Article  Google Scholar 

  10. 10.

    Stokholm MG, et al. Pathological α-synuclein in gastrointestinal tissues from prodromal Parkinson disease patients. Ann Neurol. 2016;79(6):940–9.

    CAS  Article  Google Scholar 

  11. 11.

    Goetz CG, et al. Movement disorder society task force report on the Hoehn and Yahr staging scale: status and recommendations. Mov Disord. 2004;19(9):1020–8.

    Article  Google Scholar 

  12. 12.

    Whitaker JN, et al. Outcomes assessment in multiple sclerosis clinical trials: a critical analysis. Mult Scler. 1995;1(1):37–47.

    CAS  Article  Google Scholar 

  13. 13.

    Marquis P, et al. Development and validation of the Patient Assessment of Constipation Quality of Life questionnaire. Scand J Gastroenterol. 2005;40(5):540–51.

    Article  Google Scholar 

  14. 14.

    Agachan F, et al. A constipation scoring system to simplify evaluation and management of constipated patients. Dis Colon Rectum. 1996;39(6):681–5.

    CAS  Article  Google Scholar 

  15. 15.

    Habtezion A, et al. Leukocyte trafficking to the small intestine and colon. Gastroenterology. 2016;150(2):340–54.

    CAS  Article  Google Scholar 

  16. 16.

    Houser MC, Tansey MG. The gut-brain axis: is intestinal inflammation a silent driver of Parkinson’s disease pathogenesis? NPJ Parkinsons Dis. 2017;3:3.

    Article  Google Scholar 

  17. 17.

    Sun MF, Shen YQ. Dysbiosis of gut microbiota and microbial metabolites in Parkinson’s Disease. Ageing Res Rev. 2018;45:53–61.

    CAS  Article  Google Scholar 

  18. 18.

    Sampson TR, et al. Gut microbiota regulate motor deficits and neuroinflammation in a model of Parkinson’s disease. Cell. 2016;167(6):1469-1480.e12.

    CAS  Article  Google Scholar 

  19. 19.

    Cryan JF, et al. The microbiota-gut-brain axis. Physiol Rev. 2019;99(4):1877–2013.

    CAS  Article  Google Scholar 

  20. 20.

    Cenit MC, Sanz Y, Codoñer-Franch P. Influence of gut microbiota on neuropsychiatric disorders. World J Gastroenterol. 2017;23(30):5486–98.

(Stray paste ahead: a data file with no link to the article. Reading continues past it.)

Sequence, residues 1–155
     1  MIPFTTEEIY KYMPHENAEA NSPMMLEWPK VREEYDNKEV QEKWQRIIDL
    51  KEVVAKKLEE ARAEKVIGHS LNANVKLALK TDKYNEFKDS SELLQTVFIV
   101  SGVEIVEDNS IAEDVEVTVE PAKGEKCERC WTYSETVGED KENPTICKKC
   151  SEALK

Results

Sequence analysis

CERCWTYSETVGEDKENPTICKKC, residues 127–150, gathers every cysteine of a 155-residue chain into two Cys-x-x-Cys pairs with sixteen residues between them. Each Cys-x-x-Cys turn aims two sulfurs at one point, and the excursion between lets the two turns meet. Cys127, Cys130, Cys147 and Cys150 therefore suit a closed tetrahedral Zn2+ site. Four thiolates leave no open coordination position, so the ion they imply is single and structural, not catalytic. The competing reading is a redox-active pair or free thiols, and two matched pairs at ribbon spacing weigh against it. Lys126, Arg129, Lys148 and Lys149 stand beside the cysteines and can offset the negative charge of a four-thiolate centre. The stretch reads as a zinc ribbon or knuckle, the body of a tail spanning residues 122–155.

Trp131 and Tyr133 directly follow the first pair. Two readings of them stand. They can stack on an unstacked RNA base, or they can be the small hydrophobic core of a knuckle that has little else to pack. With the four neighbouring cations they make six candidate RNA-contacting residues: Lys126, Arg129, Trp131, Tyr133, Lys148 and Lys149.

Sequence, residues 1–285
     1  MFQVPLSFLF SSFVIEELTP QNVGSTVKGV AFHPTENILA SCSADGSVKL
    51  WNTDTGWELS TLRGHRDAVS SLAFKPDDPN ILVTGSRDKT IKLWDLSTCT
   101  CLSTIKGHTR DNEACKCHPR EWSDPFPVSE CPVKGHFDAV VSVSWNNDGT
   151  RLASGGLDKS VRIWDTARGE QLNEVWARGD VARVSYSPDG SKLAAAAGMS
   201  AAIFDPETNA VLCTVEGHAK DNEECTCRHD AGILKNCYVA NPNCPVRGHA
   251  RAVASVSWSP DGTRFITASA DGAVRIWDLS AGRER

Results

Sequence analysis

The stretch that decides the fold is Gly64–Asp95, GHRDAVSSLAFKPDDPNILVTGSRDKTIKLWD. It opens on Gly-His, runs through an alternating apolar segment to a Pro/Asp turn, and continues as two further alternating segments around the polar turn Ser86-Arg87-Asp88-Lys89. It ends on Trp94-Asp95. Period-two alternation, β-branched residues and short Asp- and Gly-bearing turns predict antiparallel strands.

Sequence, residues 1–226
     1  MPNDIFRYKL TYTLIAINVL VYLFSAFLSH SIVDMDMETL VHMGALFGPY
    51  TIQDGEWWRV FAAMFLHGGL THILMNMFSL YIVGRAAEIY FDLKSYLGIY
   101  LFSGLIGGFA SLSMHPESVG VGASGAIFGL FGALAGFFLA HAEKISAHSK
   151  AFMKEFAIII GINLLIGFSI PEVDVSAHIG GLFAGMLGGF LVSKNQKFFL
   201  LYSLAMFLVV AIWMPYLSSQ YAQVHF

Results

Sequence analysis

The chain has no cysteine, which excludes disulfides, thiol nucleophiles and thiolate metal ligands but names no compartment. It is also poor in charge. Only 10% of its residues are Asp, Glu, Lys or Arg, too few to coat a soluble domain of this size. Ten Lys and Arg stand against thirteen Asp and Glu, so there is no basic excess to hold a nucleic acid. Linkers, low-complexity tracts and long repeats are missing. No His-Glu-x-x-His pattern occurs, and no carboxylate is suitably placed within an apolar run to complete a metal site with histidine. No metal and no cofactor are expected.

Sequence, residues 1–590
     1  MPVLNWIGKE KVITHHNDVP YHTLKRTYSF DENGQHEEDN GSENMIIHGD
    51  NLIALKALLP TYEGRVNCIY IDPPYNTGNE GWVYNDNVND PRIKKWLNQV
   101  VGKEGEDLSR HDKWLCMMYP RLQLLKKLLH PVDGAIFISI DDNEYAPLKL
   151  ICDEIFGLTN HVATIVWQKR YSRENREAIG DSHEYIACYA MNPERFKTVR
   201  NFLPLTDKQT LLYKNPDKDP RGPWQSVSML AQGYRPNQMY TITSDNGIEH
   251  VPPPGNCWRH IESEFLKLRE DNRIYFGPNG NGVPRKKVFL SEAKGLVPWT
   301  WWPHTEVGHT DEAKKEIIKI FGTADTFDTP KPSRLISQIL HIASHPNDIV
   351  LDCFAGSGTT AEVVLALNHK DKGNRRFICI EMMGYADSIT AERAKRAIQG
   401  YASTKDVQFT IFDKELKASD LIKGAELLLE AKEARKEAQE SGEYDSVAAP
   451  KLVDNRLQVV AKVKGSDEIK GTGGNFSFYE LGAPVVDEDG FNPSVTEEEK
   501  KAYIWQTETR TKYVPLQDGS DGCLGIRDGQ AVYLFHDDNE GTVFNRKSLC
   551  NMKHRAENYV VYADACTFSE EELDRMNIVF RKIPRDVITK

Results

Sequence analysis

CAS  Article  Google Scholar 

  21. 21.

    Scheperjans F, et al. Gut microbiota are related to Parkinson’s disease and clinical phenotype. Mov Disord. 2015;30(3):350–8.

    Article  Google Scholar 

  22. 22.

    Keshavarzian A, et al. Colonic bacterial composition in Parkinson’s disease. Mov Disord. 2015;30(10):1351–60.

    CAS  Article  Google Scholar 

  23. 23.

    Knudsen K, et al. Gastrointestinal transit time in Parkinson’s disease using a magnetic tracking system. J Parkinsons Dis. 2017;7(3):471–9.

    Article  Google Scholar 

  24. 24.

    Braak H, Del Tredici K. neuropathological staging of brain pathology in sporadic Parkinson’s disease: separating the wheat from the chaff. J Parkinsons Dis. 2017;7(s1):S71-s85.

    Article  Google Scholar 

  25. 25.

    Erny D, et al. Host microbiota constantly control maturation and function of microglia in the CNS. Nat Neurosci. 2015;18(7):965–77.

    CAS  Article  Google Scholar 

  26. 26.

    Soucie JM, et al. Range of motion measurements: reference values and a database for comparison studies. Haemophilia. 2011;17(3):500–7.

    CAS  Article  Google Scholar 

  27. 27.

    Fang X. Microbial treatment: the potential application for Parkinson’s disease. Neurol Sci. 2019;40(1):51–8.

    Article  Google Scholar 

  28. 28.

    van Nood E, et al. Duodenal infusion of donor feces for recurrent Clostridium difficile. N Engl J Med. 2013;368(5):407–15.

    Article  Google Scholar 

  29. 29.

    Hemarajata P, Versalovic J. Effects of probiotics on gut microbiota: mechanisms of intestinal immunomodulation and neuromodulation. Therap Adv Gastroenterol. 2013;6(1):39–51.

    CAS  Article  Google Scholar 

  30. 30.

    Kang DW, et al. Microbiota Transfer Therapy alters gut ecosystem and improves gastrointestinal and autism symptoms: an open-label study. Microbiome. 2017;5(1):10.

    Article  Google Scholar 

  31. 31.

    Unger MM, et al. hort chain fatty acids and gut microbiota differ between patients with Parkinson’s disease and age-matched controls. Parkinsonism Relat Disord. 2016s;32:66–72.

    Article  Google Scholar 

  32. 32.

    Soret R, et al. Short-chain fatty acids regulate the enteric neurons and control gastrointestinal motility in rats. Gastroenterology. 2010;138(5):1772–82.

    CAS  Article  Google Scholar 

  33. 33.

    Vascellari S, et al. Clinical phenotypes of Parkinson’s disease associate with distinct gut microbiota and metabolome enterotypes. Biomolecules. 2021;11:2.

    Article  Google Scholar 

  34. 34.

    Holmqvist S, et al. Direct evidence of Parkinson pathology spread from the gastrointestinal tract to the brain in rats. Acta Neuropathol. 2014;128(6):805–20.